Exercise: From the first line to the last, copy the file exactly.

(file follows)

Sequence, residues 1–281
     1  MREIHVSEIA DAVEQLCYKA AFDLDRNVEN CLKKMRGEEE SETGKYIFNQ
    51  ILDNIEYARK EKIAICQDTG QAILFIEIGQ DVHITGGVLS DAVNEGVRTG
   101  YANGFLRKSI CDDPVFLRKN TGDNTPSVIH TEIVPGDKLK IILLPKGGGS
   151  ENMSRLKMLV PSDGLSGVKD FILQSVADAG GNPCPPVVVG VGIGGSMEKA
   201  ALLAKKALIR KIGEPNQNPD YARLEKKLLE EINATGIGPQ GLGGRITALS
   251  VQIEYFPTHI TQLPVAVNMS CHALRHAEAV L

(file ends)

Sequence, residues 1–281
     1  MREIHVSEIA DAVEQLCYKA AFDLDRNVEN CLKKMRGEEE SETGKYIFNQ
    51  ILDNIEYARK EKIAICQDTG QAILFIEIGQ DVHITGGVLS DAVNEGVRTG
   101  YANGFLRKSI CDDPVFLRKN TGDNTPSVIH TEIVPGDKLK IILLPKGGGS
   151  ENMSRLKMLV PSDGLSGVKD FILQSVADAG GNPCPPVVVG VGIGGSMEKA
   201  ALLAKKALIR KIGEPNQNPD YARLEKKLLE EINATGIGPQ GLGGRITALS
   251  VQIEYFPTHI TQLPVAVNMS CHALRHAEAV L